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Updated: October 18, 2013 19:42 IST

Super girl

Kamesh Srinivasan
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Sania Mirza. Photo: V.V. Subrahmanyam
The Hindu
Sania Mirza. Photo: V.V. Subrahmanyam

Sania Mirza talks about her successful doubles season

It has been a hectic, but very successful season for Sania Mirza. The tennis ace is understandably proud to have won five doubles titles this year, “the best by anyone”, and to have had a dramatic finish by winning two big titles back to back in Tokyo and Beijing, with Cara Black.

After spending four days in Dubai, where she did “lots of shopping”, Sania is happy to be back in her home city Hyderabad, to unwind. “The plan is to chill for the next two weeks with family and friends. I will get back to training after that,” she says, more eager to get on with the game rather than rest, relax and enjoy the fruits of hard work for a longer time. She is excited about training because the best of Indian players will train together at her Academy in Hyderabad, and in Chennai.

“Everybody is going to be there…Somdev, Rohan. There will be many trainers. It is a great opportunity,” says Sania, quite pleased that the Indian Tennis Players Association (ITPA) will be doing something concrete.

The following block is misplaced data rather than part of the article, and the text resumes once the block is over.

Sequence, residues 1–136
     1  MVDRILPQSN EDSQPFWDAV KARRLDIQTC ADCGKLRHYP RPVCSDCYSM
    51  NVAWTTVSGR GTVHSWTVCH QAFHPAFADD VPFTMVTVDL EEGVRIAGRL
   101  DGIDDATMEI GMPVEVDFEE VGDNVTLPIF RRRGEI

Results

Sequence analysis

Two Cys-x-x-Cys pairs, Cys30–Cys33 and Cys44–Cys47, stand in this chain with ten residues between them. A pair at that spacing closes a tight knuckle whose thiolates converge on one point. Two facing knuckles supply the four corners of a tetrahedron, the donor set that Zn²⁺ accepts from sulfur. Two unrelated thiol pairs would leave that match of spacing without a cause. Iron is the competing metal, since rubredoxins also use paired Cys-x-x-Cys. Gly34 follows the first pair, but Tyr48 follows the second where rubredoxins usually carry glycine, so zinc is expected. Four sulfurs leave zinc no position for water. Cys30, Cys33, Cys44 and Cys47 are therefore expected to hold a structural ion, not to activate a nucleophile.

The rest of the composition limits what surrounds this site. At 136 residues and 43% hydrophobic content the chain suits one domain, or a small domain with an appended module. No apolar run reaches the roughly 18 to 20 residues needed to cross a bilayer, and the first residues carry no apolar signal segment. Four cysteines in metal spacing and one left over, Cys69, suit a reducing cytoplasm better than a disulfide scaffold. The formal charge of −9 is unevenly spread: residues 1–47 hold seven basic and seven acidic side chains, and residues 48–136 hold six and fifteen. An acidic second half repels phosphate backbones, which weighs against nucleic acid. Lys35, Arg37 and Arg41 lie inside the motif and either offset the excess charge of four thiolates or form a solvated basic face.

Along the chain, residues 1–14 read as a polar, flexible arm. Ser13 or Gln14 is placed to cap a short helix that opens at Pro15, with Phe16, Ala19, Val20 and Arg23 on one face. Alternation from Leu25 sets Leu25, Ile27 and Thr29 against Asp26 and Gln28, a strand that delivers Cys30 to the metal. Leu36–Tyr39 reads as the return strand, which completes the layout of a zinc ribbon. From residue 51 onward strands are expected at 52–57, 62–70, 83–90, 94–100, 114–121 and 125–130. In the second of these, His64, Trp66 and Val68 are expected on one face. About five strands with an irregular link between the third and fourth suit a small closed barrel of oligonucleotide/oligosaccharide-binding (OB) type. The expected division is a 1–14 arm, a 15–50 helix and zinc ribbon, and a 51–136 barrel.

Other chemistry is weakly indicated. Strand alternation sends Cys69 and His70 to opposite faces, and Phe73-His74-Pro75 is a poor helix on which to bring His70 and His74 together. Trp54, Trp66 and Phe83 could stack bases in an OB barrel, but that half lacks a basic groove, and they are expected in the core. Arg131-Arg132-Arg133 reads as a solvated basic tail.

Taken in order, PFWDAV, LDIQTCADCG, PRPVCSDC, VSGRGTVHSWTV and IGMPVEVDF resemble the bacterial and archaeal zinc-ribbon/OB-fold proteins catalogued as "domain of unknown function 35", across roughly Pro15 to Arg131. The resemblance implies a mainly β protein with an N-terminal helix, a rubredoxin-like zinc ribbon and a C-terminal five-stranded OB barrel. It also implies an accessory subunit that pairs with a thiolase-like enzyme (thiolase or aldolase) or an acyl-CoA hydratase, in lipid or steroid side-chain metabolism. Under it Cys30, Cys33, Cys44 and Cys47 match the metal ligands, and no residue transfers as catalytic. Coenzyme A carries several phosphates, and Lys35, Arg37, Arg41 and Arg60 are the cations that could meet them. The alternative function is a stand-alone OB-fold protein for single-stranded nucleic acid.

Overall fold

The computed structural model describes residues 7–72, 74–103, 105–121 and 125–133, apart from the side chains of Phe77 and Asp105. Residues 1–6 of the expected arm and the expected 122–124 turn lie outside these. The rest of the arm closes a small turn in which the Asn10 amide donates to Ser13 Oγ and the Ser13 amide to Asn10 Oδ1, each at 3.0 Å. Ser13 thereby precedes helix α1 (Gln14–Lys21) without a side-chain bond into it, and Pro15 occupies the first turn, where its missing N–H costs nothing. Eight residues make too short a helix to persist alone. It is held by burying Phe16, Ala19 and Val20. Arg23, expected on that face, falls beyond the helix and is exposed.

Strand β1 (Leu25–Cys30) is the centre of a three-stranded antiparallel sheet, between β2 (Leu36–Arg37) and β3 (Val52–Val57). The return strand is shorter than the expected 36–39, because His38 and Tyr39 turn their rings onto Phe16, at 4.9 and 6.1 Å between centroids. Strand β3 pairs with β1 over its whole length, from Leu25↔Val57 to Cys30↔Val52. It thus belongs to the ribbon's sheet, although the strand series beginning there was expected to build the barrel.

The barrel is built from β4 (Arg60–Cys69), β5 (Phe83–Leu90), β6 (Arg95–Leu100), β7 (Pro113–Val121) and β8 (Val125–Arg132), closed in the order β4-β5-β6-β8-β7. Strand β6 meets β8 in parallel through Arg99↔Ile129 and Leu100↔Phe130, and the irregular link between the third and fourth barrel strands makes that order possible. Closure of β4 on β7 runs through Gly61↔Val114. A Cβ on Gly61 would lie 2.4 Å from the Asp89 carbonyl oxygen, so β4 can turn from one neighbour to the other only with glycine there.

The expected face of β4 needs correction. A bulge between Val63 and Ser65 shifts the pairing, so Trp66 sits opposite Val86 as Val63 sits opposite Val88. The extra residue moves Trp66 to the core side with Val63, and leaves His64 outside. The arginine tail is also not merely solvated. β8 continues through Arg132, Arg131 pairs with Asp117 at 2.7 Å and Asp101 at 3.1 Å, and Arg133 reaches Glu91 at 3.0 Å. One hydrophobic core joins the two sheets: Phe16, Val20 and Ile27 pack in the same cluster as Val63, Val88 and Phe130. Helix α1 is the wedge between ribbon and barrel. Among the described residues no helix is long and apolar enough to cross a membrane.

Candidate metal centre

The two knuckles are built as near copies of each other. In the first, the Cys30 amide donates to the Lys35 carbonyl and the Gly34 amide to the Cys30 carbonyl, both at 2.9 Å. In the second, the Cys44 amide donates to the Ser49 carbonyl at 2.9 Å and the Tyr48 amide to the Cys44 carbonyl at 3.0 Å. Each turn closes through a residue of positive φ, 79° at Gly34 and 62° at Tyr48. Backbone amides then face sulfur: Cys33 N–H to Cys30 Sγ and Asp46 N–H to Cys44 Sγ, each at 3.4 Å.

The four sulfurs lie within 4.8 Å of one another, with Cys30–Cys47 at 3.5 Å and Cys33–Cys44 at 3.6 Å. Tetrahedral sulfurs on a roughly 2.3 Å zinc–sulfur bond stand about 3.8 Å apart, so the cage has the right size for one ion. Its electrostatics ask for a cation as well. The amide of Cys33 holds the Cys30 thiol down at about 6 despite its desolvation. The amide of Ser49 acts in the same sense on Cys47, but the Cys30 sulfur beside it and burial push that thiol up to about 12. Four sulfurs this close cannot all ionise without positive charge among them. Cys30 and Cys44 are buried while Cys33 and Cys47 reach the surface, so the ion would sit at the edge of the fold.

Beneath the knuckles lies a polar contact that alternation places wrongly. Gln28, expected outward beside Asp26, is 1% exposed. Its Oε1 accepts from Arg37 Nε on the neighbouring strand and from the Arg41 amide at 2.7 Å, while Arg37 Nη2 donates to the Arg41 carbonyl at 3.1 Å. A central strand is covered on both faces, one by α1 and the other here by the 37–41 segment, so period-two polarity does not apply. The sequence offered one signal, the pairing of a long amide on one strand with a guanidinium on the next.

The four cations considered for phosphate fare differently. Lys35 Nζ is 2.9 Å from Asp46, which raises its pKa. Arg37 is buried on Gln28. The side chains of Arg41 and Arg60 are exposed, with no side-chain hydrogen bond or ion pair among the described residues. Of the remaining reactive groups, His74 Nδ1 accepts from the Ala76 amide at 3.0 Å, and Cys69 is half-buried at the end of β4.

Yes, Sania is also looking forward to training with Cara Black who has won 10 Grand Slam titles in women’s and mixed doubles. The Zimbabwean, who has returned to the circuit after child birth, has actually come as a whiff of fresh air in Sania’s career, even though she has enjoyed considerable success with Bethanie Mattek Sands and Jie Zheng.

“I wanted to play Tokyo and Beijing with the same player. Things fell in place and I had fixed up with Cara long time back. Then me and Jie Zheng won New Haven and reached the semi-finals of the US Open,” Sania says, admiring the timing of things.

“Cara is going to be here for three weeks. I am really looking forward to training with her. Though we have been successful, we need to work on a few things and improve. It is easier to be with someone who is focusing only on doubles. She does not have many people to train in Australia. Her husband has been a trainer for Pete Sampras and is with the Australian Football League. My trainer will also be here,” says Sania, very keen to resume training with a battery of experts.

Their style of play complements nicely to form a winning combination. Sania with her explosive ground strokes and Cara with her ability to finish points at the net, make it difficult for their opponents.

“Cara probably is the most experienced. She has played at the highest level for a long time. I have a lot to learn from her. She is a great girl as well and we have a great relationship,” says Sania.

Professional tennis is as demanding as it is rewarding. Having quality training stints lays the foundation not only for success, but to ensure that the players stay away from injuries. Sania has had her share of injuries and surgeries. It forced her to take a hard decision to stick to doubles and let go singles.